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An agent named Drozer

By 21. March 2020January 11th, 2021No Comments

How Drozer can collect data from your installed apps

In recent years, the use of mobile devices such as smartphones and tablets has increased dramatically. Apps have become a fixed part of our everyday life. Unfortunately, it is often overlooked that these apps require the same IT security as traditional desktop applications or websites.

A mistake that often occurs during development is that security features are implemented in the app but are not checked on the server afterwards. An app always runs on a user’s end device and hackers can attack the app directly. This results in many attack surfaces. The communication between the app and the server could be interrupted. But also, internal data of the app can be extracted from the mobile device and harmful modifications can be made. Exported interfaces can also be opened if they do not have enough protective measures.

Drozer on a mission to collect data

A well-known tool for testing and exploiting vulnerabilities on Android devices is Drozer. If the Drozer agent is installed on a smartphone, an attacker can connect to it and siphon off information about the device. Drozer can impersonate a native Android application, communicate with the Dalvik virtual machine responsible for running apps on Android or collect information about the operating system. Additionally, it allows to retrieve information about installed apps, for example from the manifest.xml file. The tool can not only collect data, but also start activities itself – of particular interest are exposed interfaces such as activities, broadcast receivers, content providers and services. If no sufficient access rights were set for the mentioned interfaces, Drozer can use them to read internal application data.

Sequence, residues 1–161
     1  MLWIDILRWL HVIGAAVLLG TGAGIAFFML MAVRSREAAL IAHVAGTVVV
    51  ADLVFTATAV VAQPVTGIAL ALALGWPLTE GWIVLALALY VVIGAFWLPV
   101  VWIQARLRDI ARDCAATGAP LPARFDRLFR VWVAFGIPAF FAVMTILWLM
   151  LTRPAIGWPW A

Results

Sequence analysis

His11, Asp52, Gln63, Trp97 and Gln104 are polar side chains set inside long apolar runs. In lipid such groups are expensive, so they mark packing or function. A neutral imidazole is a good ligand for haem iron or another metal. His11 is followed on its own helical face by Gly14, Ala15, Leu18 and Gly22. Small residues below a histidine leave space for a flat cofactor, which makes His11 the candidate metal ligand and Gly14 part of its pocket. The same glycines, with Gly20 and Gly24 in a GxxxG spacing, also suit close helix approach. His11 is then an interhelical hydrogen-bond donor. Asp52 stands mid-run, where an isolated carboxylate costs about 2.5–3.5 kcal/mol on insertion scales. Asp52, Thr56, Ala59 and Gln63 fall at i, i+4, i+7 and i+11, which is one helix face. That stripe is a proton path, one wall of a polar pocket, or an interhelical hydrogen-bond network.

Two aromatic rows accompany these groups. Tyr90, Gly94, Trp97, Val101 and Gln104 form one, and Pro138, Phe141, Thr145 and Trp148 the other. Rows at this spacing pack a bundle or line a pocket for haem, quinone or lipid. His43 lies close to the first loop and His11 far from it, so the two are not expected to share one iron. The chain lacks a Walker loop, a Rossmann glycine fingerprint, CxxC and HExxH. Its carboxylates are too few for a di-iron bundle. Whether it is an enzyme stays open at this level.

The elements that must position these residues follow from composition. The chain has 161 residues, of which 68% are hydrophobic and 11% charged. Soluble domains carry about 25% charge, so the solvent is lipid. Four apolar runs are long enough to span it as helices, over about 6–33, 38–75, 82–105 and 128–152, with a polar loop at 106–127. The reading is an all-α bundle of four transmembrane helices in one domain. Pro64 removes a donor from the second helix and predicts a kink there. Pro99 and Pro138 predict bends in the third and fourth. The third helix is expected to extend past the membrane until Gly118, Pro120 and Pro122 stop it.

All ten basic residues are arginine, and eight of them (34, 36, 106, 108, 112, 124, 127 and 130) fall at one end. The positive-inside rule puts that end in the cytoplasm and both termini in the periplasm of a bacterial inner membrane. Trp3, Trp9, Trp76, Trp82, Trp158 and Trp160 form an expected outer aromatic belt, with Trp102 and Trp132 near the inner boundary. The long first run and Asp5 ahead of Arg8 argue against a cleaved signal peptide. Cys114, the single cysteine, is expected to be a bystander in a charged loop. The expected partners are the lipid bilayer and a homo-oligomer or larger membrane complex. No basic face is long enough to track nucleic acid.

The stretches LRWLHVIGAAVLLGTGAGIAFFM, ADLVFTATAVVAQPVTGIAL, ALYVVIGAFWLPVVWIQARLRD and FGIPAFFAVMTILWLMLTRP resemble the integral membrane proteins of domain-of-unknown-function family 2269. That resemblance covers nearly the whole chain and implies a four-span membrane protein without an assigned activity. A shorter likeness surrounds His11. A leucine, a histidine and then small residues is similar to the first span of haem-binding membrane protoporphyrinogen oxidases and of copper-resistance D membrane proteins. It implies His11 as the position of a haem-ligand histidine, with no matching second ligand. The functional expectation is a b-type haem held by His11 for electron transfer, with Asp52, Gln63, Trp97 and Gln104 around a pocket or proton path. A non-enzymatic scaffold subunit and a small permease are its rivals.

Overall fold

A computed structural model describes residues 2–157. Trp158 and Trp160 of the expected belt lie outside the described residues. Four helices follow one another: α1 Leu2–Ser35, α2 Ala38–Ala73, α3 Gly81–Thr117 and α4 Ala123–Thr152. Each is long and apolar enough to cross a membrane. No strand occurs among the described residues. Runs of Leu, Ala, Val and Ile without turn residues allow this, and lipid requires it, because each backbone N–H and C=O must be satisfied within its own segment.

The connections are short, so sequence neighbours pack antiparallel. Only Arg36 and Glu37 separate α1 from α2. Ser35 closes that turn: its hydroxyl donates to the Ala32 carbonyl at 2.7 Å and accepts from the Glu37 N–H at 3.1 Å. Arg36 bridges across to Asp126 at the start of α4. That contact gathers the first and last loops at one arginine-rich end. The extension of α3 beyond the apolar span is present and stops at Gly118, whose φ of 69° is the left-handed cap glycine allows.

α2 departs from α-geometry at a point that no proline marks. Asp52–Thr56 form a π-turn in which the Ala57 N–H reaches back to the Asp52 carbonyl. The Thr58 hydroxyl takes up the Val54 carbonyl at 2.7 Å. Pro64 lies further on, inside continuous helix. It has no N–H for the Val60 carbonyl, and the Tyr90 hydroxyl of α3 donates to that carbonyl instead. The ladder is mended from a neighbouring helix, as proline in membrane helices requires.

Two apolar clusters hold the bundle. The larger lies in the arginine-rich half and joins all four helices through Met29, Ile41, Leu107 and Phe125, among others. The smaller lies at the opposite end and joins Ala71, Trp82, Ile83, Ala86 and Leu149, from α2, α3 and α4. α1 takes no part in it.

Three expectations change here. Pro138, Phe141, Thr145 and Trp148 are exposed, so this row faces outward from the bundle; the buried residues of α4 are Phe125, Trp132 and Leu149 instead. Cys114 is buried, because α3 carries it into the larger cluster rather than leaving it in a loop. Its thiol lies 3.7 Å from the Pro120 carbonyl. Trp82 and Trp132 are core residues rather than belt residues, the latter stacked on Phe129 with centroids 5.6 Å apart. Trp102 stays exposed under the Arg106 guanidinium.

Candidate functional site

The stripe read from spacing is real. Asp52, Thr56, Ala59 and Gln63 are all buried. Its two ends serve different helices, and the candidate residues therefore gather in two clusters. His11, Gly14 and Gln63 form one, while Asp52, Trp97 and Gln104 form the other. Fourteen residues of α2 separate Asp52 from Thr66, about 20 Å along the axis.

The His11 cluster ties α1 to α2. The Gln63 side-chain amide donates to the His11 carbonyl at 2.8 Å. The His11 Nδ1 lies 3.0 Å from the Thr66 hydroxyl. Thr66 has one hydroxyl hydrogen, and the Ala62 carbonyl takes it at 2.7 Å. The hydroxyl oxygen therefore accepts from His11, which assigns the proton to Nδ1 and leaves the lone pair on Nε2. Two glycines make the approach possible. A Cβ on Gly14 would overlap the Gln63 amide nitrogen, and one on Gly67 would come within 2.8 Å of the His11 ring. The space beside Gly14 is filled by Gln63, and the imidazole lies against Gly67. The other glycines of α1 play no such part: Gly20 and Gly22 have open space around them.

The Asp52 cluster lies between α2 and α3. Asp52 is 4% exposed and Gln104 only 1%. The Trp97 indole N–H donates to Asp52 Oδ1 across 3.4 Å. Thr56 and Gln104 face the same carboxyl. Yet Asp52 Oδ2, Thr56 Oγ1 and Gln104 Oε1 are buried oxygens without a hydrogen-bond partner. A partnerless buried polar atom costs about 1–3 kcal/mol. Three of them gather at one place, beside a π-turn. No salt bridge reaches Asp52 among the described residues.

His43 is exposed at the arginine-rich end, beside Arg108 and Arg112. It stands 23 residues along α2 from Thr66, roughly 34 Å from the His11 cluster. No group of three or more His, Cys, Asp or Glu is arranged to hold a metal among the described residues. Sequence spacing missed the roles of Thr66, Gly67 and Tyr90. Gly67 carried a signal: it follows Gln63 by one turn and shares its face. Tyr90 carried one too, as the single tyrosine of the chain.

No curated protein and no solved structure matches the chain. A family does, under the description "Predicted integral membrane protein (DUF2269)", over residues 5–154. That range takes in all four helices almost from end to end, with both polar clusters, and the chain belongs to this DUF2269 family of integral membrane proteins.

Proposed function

The average consumer will not voluntarily install Drozer on his smartphone, but it is usually not necessary. Drozer can be delivered as part of a fake app, in order to install itself unnoticed on the device, in addition it does not even need root rights for its functionality. Therefore, apps should only be obtained from trusted sources such as the Play Store or, for iPhones, from the AppStore.

Limes recommends:

If you develop apps yourself and are not sure how much information a Drozer agent can steal from your application, Limes offers security penetration tests. Our experts not only test the attack surface between server and app, but also other critical components within apps.